Geoffrey Baer investigates an early attempt at a Chicago baseball crosstown classic – that may or may not have actually happened.
I have a July 1901 newspaper article about the American League Chicago White Sox wanting to play a series against the National League Chicago Orphans at the end of the season. This was two years before the first World Series. Did this Chicago series ever happen?
– Ron Krueger, Berwyn
This proposed 1901 series was actually the first attempt at a crosstown classic by the two teams that are known today as the Cubs and White Sox. Let’s clear up the names here, because there were a lot of nicknames and rebrandings in baseball’s early years.
In 1901 the White Sox were known as the White Stockings – in fact it was their first year as a major league team in the newly formed American League. The Orphans – who later became the Cubs -- were also called the White Stockings when they originally formed, but had abandoned the name by the 1890s. To make things even more confusing, “Orphans” was just a nickname. The team’s actual name at that time was the Chicago Colts. They were also known as the Remnants!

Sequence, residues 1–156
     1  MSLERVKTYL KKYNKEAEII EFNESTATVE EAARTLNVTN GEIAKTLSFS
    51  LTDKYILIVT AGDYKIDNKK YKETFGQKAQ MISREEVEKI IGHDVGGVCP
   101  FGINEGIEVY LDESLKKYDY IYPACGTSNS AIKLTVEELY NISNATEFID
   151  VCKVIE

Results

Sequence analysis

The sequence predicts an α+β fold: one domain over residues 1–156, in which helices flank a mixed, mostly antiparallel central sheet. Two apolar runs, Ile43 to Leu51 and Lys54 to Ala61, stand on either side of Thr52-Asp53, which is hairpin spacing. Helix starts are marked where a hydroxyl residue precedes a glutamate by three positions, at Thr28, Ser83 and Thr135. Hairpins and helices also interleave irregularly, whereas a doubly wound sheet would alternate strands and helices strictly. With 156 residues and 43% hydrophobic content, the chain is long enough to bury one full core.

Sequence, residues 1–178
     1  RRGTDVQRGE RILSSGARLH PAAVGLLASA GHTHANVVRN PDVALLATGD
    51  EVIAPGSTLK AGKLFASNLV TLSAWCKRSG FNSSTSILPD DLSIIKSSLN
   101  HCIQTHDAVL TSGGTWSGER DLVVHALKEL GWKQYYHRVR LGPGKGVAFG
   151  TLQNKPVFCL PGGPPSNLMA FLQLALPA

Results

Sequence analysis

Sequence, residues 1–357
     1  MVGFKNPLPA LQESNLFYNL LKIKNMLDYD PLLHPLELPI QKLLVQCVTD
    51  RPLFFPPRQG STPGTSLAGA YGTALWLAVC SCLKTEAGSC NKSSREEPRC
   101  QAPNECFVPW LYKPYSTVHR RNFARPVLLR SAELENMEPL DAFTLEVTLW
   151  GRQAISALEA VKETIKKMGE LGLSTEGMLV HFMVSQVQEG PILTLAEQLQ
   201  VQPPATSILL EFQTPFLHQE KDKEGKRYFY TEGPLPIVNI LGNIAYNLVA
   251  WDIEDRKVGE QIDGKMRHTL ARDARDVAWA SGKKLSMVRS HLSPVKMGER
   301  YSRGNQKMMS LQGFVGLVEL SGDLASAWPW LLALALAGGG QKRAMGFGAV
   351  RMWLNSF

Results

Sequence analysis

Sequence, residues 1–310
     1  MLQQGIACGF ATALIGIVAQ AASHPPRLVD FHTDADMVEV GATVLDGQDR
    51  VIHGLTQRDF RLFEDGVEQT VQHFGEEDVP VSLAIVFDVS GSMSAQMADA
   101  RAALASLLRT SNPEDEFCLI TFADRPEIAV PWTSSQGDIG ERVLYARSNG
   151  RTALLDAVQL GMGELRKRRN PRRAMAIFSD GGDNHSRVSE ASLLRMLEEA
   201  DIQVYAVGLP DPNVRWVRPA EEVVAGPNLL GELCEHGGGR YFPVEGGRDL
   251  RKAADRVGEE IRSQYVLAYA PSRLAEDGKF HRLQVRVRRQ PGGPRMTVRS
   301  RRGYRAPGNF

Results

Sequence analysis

The short answer to the question is that this proposed 1901 Fall Classic between the Orphans (Cubs) and White Stockings (White Sox) never happened. But not because someone chickened out. It was the spiteful National League that wouldn’t give it the green light.
President of the National League Colts, James A. Hart, first issued the challenge through the newspaper to White Stockings owner Charles Comiskey. Hart proposed a series of seven games to be played in the fall. The Tribune said Hart was irked by unfavorable comparisons in the press between his team and the White Stockings.
Comiskey agreed to the series, which he saw as an opportunity to showcase his new team against the West Siders. And there’s another point of confusion: This was in the pre-Wrigley Field days, when the ancestors of the Cubs played at West Side Grounds where UIC Medical Center is today.
But there was a problem. At the time, National League teams were prohibited from playing against American League teams because the upstart American League was accused of poaching talent when it formed.
Hart appealed to the National League’s governing body for an exception to the rule. But the National League refused to alter the player contracts and game agreements, and the series never happened.
So Chicago had to wait another five years before seeing their crosstown teams play each other in the 1906 World Series. It went to six games and was reportedly quite the upset when the Sox eventually won.
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